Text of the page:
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News   June 3, 2019   by Renee Montague

Canada Training Benefit could be boon or a bust


Providing employees with leave and job protection so they can take training could be a disaster for small businesses, warns the president of the Canadian Federation of Independent Business (CFIB).

Dan Kelly said the federal government’s recently announced Canada Training Benefit may be misguided in that it doesn’t take into account the needs of small businesses.

Most notably, he said employers would be required to provide leave and job protection to employees, regardless of the type of training an employee wishes to pursue.

“Providing government funding to allow a worker to study Latin or interpretive dance is one thing, but forcing an employer to hold open a job while they do it is a step too far,” he said.

CFIB does not support the training benefit as it stands, but has suggested some key changes that will make it more palatable to independent shops.

Among the changes, CFIB would like to see:

  • Increase the amount of the EI premium rebate so that employers only pay the employee rate on the first $20,000 of EI premiums paid for all firms, regardless of size.
  • Require a joint application involving both the employer and employee for anyone requesting training that would involve a leave of absence.
  • Suspend the one-week EI waiting period for the benefit so employees can benefit from the EI payment as quickly as possible.
  • Allow employers the option of topping up their employee’s pay during the training period without the employee losing access to their EI benefits.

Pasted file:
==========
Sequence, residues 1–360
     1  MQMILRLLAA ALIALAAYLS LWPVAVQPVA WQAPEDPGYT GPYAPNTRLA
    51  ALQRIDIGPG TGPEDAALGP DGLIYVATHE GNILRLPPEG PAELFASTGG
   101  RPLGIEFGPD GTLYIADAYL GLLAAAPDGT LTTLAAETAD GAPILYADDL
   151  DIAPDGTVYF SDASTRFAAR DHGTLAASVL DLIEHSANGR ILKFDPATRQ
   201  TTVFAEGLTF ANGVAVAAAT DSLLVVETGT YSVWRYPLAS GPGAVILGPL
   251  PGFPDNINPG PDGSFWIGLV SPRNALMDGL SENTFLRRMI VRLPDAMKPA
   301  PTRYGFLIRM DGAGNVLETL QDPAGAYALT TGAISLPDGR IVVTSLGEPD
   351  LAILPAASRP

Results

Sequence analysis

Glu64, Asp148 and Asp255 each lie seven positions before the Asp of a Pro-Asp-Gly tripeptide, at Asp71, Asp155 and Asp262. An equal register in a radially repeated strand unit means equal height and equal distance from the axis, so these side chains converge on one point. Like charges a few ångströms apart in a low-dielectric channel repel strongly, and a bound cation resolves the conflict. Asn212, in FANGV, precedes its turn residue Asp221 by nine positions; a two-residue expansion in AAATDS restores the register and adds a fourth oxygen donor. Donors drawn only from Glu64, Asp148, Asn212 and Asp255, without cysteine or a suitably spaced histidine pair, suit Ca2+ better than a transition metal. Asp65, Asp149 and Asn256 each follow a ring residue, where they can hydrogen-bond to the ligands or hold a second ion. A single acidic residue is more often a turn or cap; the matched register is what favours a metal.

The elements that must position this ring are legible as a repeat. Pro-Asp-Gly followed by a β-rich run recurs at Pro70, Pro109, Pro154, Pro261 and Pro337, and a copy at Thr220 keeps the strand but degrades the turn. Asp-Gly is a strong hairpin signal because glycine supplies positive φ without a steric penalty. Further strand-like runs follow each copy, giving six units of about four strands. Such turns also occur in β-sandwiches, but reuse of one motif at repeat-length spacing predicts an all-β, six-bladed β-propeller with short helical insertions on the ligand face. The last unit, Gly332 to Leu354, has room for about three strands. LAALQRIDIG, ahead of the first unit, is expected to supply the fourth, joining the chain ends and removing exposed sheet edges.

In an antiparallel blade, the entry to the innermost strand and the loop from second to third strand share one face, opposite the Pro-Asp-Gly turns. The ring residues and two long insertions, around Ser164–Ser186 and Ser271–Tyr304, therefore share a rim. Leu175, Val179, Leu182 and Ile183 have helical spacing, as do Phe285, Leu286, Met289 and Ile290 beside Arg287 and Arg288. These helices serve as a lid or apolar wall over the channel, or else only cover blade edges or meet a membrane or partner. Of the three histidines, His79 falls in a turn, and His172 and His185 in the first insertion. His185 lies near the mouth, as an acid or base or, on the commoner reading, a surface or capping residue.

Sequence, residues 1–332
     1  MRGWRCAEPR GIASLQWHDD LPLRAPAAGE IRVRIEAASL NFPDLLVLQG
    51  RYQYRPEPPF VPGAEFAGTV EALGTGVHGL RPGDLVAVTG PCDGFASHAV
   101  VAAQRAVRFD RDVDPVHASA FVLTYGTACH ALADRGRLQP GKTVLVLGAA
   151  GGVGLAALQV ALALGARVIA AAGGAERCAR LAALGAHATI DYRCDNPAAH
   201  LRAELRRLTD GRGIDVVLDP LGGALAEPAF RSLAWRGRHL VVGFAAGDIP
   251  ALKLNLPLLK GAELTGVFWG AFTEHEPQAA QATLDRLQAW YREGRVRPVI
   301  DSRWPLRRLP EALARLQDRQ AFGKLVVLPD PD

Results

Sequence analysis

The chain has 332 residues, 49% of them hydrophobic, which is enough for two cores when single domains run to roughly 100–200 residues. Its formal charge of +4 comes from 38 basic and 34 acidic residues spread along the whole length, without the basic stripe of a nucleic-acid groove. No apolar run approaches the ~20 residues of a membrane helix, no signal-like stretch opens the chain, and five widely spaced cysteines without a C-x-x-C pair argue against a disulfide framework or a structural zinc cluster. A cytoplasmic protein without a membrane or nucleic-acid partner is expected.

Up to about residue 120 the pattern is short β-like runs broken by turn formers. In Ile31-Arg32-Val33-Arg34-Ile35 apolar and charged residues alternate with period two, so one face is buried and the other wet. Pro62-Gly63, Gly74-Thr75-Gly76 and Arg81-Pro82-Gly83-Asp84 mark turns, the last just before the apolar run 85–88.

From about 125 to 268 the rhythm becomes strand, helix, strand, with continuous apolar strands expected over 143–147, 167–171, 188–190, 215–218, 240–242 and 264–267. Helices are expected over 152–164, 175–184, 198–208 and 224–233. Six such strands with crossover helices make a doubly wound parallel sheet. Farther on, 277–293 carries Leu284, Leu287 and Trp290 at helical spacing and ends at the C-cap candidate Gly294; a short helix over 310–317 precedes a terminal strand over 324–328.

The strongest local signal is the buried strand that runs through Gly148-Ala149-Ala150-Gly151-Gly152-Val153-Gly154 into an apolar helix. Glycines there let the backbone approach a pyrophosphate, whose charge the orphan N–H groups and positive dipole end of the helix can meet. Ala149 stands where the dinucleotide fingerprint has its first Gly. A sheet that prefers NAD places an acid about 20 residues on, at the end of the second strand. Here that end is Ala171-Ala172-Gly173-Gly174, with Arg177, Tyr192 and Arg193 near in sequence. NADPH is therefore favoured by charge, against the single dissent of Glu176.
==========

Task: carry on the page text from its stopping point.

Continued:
• Minimize red tape associated with receiving the employer rebates by automating the process based on the previous year’s tax filings.

“Canada’s skilled labour shortage is getting worse, and small firms are the hardest hit,” said Kelly. “Providing a training benefit to workers is a positive step, but the needs of employers need to be factored into the equation.”

Kelly presented these recommendations and the perspective of CFIB’s members to the Senate of Canada May 29.

www.cfib.ca

 

 


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1 Comment » for Canada Training Benefit could be boon or a bust
  1. George Stringam says:

    This has been a mess for a long time, and I have my doubts that it will ever be fixed. Back when I went through apprenticeship, it was handled by Man Power. I enrolled in school and the checks started coming within three weeks. A bonus was the shop I worked for kept me on the payroll and I just endorsed my Man Power checks and gave them to the shop. I managed to get two guys through apprenticeship the same way. Then Man Power cut everything off and it got turned over to EI. Now the techs had to be LAID OFF, so they could apply for EI. For two of my techs they didn’t receive a plug nickel until they were back to work. Then, to add insult to injury, when the checks started coming in from EI, and they reported that they were back at work, EI not only cut them off but demanded that they pay back what was already given. My dad was ex-navy, and he could really make people blush when he got mad. Dealing with EI soon gave me that same demeanor…

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